Isobutene (co)polymerization initiated by rare-earth metal cationic catalysts

Isobutene (co)polymerization initiated by rare-earth metal cationic catalysts

Journal Pre-proof Isobutene (co)polymerization initiated by rare-earth metal cationic catalysts Yang Jiang, Zhen Zhang, Shihui Li, Dongmei Cui PII: S...

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Journal Pre-proof Isobutene (co)polymerization initiated by rare-earth metal cationic catalysts Yang Jiang, Zhen Zhang, Shihui Li, Dongmei Cui PII:




JPOL 122105

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Received Date: 26 October 2019 Revised Date:

16 December 2019

Accepted Date: 19 December 2019

Please cite this article as: Jiang Y, Zhang Z, Li S, Cui D, Isobutene (co)polymerization initiated by rareearth metal cationic catalysts, Polymer (2020), doi: This is a PDF file of an article that has undergone enhancements after acceptance, such as the addition of a cover page and metadata, and formatting for readability, but it is not yet the definitive version of record. This version will undergo additional copyediting, typesetting and review before it is published in its final form, but we are providing this version to give early visibility of the article. Please note that, during the production process, errors may be discovered which could affect the content, and all legal disclaimers that apply to the journal pertain. © 2019 Published by Elsevier Ltd.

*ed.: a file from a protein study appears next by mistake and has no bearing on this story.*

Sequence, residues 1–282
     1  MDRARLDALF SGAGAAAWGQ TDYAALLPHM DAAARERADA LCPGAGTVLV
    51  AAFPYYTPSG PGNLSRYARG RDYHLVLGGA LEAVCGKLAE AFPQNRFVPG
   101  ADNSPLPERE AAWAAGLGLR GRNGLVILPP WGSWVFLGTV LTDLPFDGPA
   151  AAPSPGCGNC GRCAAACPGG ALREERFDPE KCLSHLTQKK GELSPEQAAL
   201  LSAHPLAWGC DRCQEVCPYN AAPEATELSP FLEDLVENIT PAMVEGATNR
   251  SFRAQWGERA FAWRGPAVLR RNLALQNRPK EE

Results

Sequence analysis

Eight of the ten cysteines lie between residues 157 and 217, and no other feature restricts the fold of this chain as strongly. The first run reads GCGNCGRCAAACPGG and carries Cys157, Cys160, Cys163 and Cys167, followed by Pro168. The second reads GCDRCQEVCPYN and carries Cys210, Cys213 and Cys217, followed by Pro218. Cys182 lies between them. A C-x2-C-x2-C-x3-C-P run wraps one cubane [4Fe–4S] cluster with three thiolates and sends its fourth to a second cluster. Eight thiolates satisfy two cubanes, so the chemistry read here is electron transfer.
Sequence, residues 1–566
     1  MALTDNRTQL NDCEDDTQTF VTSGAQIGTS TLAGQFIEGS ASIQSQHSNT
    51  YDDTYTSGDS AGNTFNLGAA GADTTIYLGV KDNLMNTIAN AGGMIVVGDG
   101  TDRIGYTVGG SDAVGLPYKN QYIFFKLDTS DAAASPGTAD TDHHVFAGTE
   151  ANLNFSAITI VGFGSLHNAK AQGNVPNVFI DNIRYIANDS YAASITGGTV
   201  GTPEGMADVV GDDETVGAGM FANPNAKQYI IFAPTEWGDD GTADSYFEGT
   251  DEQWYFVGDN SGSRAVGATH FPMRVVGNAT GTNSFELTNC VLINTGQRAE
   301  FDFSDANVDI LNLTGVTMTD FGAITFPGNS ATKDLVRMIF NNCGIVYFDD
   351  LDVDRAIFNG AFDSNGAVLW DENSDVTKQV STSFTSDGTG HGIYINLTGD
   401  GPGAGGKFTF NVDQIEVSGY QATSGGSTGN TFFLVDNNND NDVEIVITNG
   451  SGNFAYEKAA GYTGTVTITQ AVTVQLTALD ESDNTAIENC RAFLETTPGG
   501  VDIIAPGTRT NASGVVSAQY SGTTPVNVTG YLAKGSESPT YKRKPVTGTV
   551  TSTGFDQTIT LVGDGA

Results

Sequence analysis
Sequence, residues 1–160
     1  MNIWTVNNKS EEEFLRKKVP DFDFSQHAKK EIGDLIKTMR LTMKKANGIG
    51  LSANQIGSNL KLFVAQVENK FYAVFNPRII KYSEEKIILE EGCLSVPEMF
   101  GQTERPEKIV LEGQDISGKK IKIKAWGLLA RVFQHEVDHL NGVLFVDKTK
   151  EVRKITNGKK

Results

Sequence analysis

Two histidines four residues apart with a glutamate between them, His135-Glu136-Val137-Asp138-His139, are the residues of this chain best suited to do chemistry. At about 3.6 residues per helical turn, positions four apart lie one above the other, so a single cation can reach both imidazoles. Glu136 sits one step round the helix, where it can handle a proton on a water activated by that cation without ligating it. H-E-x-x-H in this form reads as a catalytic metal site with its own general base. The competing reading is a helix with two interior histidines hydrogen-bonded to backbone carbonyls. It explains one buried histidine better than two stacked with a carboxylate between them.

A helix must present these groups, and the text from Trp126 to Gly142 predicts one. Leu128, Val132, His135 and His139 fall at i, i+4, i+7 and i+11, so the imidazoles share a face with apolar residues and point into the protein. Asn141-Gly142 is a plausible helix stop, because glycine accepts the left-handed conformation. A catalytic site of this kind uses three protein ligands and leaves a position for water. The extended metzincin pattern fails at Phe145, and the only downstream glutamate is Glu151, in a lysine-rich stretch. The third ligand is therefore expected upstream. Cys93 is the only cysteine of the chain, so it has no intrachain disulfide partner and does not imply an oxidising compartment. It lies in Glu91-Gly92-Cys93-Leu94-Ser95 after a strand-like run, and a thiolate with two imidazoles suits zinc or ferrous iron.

Isobutene (co)polymerization initiated by rare-earth metal cationic catalysts Yang Jiang,a,b Zhen Zhang,c Shihui Li*,a,b Dongmei Cuia,b a

State Key Laboratory of Polymer Physics and Chemistry, Changchun Institute of Applied Chemistry, Chinese Academy of Sciences, Changchun 130022, China.

b c

University of Science and Technology of China, Hefei 230026, China. Department of Materials Science and Engineering, Jilin University, Changchun 130022, China


E-mail: [email protected]

Highlights: Isobutene (co)polymerizations were studied by various well-defined rare-earth metal complexes. The activity of isobutene polymerization strongly depends on the ligand, metal type of rare-earth metal complexes and aluminium alkyls, organoborate. The molecular weights of resultant polyisobutenes mainly depend on the reaction temperature and less rest with monomer to initiator ratios. Monocationic scandium active species could not efficiently initiate the isobutene copolymerization with isoprene. Isobutene copolymerization with isoprene could be realized by the dicationic half-sandwich scandium active species.

Abstract Isobutene (co)polymerizations by rare-earth metal cationic complexes were studied. The half-sandwich scandium and lutetium complexes 1a and 1c activated by one 1